VS.

Epitrachelion vs. Maniple

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Epitrachelionnoun

(Eastern Orthodoxy) The liturgical vestment worn by priests and bishops of the Eastern Orthodox Church as the symbol of their priesthood, corresponding to the Western stole.

Maniplenoun

A division of the Roman army numbering 120 (or sometimes 60) soldiers exclusive of officers; any small body of soldiers.

Epitrachelion

The epitrachelion (Greek: ἐπιτραχήλιον Slavic: епитрахиль, epitrachil; often called simply a stole in casual English-language usage) is the liturgical vestment worn by priests and bishops of the Orthodox Church and Eastern Catholic Churches as the symbol of their priesthood, corresponding to the Western stole. It is essentially the orarion adapted for priests and bishops, worn around the neck with two ends of equal length hanging down in front of the clergyman's body (more or less to the ankle) and with the two adjacent sides sewn or buttoned together up the center, leaving enough space through which to place the head.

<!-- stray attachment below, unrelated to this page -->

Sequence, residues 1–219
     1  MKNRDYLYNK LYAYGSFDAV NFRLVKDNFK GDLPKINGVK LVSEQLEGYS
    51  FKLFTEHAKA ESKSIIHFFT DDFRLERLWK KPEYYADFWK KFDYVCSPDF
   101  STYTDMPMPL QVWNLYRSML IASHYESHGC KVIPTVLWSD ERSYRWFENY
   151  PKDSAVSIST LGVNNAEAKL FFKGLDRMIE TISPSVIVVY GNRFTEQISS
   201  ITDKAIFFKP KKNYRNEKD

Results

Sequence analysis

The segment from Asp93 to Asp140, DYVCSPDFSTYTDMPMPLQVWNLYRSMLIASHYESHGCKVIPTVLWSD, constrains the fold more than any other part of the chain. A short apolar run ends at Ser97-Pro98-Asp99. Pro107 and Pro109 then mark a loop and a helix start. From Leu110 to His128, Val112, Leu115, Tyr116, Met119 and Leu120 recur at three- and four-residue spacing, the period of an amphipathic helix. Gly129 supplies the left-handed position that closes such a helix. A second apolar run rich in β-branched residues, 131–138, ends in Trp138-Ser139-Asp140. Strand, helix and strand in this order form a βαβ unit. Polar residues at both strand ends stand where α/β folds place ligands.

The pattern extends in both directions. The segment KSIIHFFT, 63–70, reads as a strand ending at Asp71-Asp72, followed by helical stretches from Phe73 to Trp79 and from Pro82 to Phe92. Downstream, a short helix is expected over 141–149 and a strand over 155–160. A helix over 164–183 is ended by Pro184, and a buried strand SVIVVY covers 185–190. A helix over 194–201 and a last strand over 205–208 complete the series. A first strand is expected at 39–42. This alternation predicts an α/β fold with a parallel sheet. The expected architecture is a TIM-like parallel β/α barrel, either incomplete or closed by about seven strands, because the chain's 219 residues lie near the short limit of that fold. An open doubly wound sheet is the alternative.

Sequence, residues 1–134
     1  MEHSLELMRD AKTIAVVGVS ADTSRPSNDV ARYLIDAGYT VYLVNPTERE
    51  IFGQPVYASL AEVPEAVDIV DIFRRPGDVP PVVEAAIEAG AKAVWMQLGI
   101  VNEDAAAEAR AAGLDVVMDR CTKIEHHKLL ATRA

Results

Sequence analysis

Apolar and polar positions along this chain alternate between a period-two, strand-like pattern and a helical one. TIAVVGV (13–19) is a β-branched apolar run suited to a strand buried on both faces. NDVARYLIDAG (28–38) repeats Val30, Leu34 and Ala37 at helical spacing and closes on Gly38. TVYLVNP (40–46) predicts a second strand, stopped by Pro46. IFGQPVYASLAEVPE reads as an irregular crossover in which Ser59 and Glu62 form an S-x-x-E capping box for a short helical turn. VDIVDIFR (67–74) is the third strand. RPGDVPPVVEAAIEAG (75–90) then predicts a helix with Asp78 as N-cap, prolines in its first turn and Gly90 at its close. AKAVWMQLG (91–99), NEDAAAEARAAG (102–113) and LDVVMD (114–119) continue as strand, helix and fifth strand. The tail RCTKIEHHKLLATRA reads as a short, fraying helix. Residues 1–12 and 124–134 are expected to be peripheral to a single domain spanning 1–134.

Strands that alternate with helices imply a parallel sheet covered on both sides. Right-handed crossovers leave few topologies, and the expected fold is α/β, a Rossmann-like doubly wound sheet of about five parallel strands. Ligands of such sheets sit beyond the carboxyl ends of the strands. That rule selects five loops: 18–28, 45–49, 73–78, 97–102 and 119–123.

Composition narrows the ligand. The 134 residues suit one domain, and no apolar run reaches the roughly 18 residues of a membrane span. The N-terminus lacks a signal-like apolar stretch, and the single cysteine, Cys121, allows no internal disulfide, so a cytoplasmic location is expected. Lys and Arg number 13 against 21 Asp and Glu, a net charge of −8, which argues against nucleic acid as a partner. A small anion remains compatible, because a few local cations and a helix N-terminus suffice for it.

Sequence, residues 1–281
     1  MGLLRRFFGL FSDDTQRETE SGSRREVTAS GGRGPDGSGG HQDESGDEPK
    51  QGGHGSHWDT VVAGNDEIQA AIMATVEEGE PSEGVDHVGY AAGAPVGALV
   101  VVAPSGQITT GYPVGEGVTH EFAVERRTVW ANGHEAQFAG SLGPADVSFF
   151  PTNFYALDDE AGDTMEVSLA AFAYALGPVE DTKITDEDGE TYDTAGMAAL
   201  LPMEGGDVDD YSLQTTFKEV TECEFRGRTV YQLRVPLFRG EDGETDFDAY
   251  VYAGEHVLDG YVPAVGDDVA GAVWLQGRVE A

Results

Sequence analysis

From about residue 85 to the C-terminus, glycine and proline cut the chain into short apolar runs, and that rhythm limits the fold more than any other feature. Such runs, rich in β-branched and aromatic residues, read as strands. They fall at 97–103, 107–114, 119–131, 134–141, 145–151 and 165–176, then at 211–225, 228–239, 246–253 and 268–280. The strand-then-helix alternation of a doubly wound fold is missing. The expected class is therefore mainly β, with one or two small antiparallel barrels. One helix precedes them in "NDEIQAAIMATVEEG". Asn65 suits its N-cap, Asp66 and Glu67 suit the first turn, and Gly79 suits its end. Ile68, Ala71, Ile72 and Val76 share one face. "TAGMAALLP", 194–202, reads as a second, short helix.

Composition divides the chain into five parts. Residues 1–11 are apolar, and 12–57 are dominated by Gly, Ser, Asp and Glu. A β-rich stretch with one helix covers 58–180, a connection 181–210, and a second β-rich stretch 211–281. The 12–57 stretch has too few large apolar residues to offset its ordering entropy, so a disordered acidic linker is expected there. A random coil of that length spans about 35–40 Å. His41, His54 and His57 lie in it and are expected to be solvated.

‘around the neck’;

Maniplenoun

In Western Christianity, an ornamental band or scarf worn upon the left arm as a part of the vestments of a priest in the Roman Catholic Church, and sometimes the Church of England.

Maniplenoun

A hand; a fist.

Maniplenoun

(obsolete) A handful.

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Maniplenoun

A handful.

Maniplenoun

A division of the Roman army numbering sixty men exclusive of officers; any small body of soldiers; a company.

Maniplenoun

Originally, a napkin; later, an ornamental band or scarf worn upon the left arm as a part of the vestments of a priest in the Roman Catholic Church. It is sometimes worn in the English Church service.

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